Days following the announcement of a security flaw in Android’s media playback system Stagefright, a new security vulnerability has been discovered.
According to security firm, Trend Micro, the new security threat affects all devices running Android 4.3 to the present version, 5.1.1. That’s around 57% of all Android devices in use today— or more than 900 million devices.
Like Stagefright, the new bug developed from the way that Android handles video. The mediaserver service used by Android to index media files on the device can crash if it’s exposed to a “malformed” video using the Matroska containter (usually a .mkv file). Once this happens, the Android device will become non-responsive, meaning that the user will not be able to hear a ringtone or any notification sound, accept calls, and if the phone is locked, they will not be able to unlock it.
A hacker could build a website to do this to your phone, with the .mkv file embedded into an HTML page but that could be fixed by restarting the device. However, if an attacker creates an app with the embedded .mkv that autostarts at boot, then the device will crash immediately after it’s turned on.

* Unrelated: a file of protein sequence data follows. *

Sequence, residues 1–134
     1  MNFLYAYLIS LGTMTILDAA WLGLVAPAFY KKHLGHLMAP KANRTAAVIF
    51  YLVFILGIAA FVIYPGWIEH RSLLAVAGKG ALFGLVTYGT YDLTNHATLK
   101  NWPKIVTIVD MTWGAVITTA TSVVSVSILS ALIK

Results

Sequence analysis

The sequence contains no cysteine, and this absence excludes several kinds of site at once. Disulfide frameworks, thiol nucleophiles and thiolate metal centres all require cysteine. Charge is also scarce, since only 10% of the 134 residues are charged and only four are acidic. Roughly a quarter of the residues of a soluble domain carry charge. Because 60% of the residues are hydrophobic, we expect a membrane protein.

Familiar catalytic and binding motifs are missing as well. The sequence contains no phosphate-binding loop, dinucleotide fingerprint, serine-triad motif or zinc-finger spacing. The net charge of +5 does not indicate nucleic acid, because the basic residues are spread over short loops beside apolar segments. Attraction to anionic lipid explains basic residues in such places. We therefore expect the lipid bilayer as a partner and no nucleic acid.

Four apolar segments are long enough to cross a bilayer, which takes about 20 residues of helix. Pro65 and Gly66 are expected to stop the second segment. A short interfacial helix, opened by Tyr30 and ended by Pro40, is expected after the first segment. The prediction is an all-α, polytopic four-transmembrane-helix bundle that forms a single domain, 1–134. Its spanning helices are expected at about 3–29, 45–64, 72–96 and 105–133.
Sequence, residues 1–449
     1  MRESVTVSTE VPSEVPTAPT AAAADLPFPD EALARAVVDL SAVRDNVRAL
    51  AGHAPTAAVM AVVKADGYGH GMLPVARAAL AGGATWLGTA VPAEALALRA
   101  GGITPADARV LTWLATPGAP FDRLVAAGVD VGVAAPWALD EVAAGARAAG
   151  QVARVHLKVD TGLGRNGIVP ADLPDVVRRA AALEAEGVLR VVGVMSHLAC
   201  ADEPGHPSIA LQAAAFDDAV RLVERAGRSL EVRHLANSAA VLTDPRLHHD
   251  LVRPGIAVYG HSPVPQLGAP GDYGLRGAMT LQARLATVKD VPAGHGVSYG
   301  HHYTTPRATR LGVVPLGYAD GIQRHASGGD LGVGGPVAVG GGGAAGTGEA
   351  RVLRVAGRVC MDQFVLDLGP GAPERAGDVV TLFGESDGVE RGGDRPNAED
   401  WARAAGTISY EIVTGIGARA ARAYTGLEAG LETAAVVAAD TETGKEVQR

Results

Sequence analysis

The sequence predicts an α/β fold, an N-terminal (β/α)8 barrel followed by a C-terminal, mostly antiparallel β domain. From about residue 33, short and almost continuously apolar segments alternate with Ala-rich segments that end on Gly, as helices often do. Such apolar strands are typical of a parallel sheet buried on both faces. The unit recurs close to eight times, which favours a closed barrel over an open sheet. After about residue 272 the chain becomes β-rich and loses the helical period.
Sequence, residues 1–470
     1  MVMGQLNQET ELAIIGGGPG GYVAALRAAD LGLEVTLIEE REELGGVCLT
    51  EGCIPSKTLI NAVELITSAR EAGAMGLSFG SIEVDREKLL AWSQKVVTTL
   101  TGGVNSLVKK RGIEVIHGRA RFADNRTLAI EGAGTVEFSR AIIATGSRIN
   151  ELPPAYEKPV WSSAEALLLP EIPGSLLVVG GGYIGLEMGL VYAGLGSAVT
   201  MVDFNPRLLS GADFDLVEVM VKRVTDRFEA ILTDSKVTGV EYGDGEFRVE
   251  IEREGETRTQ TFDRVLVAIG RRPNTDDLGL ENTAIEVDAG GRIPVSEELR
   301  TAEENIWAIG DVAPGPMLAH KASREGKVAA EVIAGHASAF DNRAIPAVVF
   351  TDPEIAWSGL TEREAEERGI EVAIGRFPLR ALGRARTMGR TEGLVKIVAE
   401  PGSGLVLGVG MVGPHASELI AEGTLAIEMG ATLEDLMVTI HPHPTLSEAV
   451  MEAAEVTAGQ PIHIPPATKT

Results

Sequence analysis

Unlike the Stagefright bug, this vulnerability does not allow for remote code execution, making it a bit less dangerous.
At the time of publication, Google has issued the following statement:
“While our team is monitoring closely for potential exploitation, we’ve seen no evidence of actual exploitation.
Should there be an actual exploit of this, the only risk to users is temporary disruption to media playback on their device. So, simply uninstalling the unresponsive application or not returning to a website that causes the browser to hang would correct the issue. In addition, we will provide a fix in a future version of Android.”